Part of How the Law Treats Hate: Antisemitism and Anti-Discrimination Reconsidered, a conference presented in partnership with the UVA Jewish Studies Program and the UVA Karsh Center for Law and Democracy
Jews face antisemitism both as individuals and as members of a group. Should we seek to build affirmative legal frameworks to protect their group-based identities? Or focus instead on preventing discrimination and harm to individuals? Can the two approaches even be separated? David Luban and Nomi Stolzenberg offer critical perspectives drawing on American constitutional and international law.
(Above: AP Photo/Jean-Francois Badias)
David Luban, Georgetown University
David Luban is University Professor and Professor of Law and Philosophy at Georgetown University. Since 2013 he has also served as Class of 1984 Distinguished Chair in Ethics at the U.S. Naval Academy’s Stockdale Center for Ethical Leadership. His books include Legal Ethics and Human Dignity (2007) and Torture, Power, and Law (2014). He will be Visiting Professor of Law at the UVA Law School in the Spring of 2021.
Nomi Stolzenberg, University of Southern California School of Law
Nomi Stolzenberg is Nathan and Lilly Shapell Chair in Law at the University of Southern California School of Law. Her research interests include the philosophical dimensions of American law and liberalism, with a focus on the intersection of race and religion in American jurisprudence. Her publications include “He Drew a Circle that Shut Me Out”: Assimilation, Indoctrination, and the Paradox of a Liberal Education (Harvard Law Review, 1993), Righting the Relationship Between Race and Religion in Law (Oxford Journal of Legal Studies, 2011), and the forthcoming book American Shtetl: Kiryas Joel Through the Lens of Jewish History and American Law.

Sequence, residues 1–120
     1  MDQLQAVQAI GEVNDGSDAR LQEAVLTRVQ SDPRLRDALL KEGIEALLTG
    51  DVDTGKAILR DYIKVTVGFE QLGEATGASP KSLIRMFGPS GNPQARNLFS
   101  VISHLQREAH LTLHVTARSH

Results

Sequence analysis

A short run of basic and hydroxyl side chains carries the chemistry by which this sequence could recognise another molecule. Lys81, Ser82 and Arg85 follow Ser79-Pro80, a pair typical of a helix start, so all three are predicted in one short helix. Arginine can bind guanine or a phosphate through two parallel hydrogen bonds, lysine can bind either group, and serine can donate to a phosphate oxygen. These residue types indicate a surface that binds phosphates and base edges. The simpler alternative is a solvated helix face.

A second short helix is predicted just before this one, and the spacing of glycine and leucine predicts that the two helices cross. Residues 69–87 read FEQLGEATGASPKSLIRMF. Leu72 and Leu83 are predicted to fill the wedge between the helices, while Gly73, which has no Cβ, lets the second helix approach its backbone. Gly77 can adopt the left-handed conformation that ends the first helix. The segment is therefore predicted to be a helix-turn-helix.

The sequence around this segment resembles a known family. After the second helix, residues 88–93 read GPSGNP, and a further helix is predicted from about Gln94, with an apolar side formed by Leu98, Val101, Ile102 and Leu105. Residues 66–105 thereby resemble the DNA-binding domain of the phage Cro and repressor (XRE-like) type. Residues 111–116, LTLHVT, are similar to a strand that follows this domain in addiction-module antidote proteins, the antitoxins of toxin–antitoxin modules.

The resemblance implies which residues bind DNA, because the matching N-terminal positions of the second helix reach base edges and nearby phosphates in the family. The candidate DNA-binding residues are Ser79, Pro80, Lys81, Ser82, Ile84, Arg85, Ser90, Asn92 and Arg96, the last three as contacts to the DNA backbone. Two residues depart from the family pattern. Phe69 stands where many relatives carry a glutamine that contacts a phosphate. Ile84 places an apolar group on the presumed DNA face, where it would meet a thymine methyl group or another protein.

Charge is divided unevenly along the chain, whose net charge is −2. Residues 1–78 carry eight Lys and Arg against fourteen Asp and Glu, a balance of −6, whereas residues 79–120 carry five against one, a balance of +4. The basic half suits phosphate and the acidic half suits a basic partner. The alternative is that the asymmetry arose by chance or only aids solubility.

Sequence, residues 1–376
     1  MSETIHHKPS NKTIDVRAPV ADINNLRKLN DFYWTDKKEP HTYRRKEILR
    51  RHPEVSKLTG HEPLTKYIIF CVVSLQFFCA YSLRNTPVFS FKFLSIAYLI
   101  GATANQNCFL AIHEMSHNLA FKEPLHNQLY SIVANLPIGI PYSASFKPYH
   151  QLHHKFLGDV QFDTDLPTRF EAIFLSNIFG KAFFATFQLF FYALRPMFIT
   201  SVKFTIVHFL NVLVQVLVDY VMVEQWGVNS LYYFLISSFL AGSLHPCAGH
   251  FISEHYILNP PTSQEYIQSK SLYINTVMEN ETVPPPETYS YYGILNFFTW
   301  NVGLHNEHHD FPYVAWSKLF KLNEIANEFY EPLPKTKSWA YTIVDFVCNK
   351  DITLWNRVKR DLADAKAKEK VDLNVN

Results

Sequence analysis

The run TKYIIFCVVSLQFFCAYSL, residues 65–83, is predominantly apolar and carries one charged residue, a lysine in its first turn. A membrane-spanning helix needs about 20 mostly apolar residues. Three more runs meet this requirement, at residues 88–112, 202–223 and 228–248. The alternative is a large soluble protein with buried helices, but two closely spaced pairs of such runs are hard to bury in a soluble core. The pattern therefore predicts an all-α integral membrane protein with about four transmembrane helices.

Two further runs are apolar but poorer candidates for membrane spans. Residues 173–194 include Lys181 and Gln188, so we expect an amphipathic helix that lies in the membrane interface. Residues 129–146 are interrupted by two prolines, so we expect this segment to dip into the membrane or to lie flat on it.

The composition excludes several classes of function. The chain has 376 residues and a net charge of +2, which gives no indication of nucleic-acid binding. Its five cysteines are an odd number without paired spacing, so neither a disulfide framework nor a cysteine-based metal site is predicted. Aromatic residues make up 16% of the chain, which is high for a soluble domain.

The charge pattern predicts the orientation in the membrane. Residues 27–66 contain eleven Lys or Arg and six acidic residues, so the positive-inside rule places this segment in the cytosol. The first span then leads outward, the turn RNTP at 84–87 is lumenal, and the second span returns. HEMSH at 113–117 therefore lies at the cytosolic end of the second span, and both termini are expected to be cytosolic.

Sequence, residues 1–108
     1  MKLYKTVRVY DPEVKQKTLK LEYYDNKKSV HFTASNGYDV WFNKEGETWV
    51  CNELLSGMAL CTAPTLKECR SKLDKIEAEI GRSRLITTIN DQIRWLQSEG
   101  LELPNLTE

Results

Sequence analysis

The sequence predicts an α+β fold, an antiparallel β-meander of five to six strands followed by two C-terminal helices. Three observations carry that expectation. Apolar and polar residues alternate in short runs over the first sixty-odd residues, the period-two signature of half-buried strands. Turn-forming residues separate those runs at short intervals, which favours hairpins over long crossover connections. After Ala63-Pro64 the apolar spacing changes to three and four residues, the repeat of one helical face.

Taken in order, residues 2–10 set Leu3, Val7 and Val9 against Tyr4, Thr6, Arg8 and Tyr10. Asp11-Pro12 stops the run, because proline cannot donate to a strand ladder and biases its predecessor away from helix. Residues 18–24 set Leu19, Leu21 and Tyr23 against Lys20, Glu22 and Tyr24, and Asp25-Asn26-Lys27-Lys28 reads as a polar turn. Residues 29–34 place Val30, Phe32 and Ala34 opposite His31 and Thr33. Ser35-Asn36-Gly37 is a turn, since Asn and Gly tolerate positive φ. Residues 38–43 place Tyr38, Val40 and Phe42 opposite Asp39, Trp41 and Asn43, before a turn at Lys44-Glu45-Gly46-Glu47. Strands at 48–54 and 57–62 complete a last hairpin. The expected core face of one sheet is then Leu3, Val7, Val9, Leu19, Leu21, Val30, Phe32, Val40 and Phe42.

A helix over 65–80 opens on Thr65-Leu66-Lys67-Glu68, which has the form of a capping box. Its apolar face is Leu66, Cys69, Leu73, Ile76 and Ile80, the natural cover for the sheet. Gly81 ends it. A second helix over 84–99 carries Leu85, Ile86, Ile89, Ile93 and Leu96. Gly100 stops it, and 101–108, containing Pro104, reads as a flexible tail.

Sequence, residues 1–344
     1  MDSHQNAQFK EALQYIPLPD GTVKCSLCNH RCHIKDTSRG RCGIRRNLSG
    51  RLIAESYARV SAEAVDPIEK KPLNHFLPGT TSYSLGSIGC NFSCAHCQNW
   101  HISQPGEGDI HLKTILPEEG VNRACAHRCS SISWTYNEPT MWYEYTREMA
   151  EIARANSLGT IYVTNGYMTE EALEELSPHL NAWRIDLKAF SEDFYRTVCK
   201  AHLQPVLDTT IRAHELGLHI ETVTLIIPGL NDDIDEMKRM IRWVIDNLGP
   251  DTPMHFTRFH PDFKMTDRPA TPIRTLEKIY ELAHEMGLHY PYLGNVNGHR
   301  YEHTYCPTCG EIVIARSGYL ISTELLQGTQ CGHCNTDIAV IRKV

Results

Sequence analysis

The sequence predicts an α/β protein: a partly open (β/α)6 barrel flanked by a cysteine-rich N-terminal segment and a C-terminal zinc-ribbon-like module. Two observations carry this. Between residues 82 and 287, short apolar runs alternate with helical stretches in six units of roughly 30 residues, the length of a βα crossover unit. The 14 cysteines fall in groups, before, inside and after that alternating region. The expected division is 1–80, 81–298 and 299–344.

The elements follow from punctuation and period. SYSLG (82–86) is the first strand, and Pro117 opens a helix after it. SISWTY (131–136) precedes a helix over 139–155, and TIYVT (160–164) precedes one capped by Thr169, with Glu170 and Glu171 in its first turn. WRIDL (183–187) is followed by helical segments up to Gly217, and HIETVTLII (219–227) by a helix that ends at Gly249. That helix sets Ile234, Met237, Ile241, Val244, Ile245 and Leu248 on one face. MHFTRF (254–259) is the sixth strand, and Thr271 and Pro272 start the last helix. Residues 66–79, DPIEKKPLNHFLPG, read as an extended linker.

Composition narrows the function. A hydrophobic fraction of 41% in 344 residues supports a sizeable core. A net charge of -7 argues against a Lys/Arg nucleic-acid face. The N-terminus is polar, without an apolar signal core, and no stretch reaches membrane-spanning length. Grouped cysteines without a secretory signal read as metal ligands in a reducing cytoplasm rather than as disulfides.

Chair: William Forbath, University of Texas, Austin School of Law
William Forbath is Lloyd M. Bentsen Chair in Law and Associate Dean for Research at the University of Texas at Austin School of Law. His books include Law and the Shaping of the American Labor Movement (1991) and forthcoming The Anti-Oligarchy Constitution. He is currently at work on a book about American Jewish lawyers and civil rights law in the early twentieth century.
12:15–1:30 PM EST
2–3 PM EST
How Can Law Protect Groups? American and International Perspectives
3:30–4:30 PM EST
4:45–5:30 PM EST
Each conference session requires a unique registration—attendees cannot register for the entire conference using a single link. Review the above conference schedule and click on session titles to register and learn more about the speakers. All sessions will be hosted as Zoom webinars.
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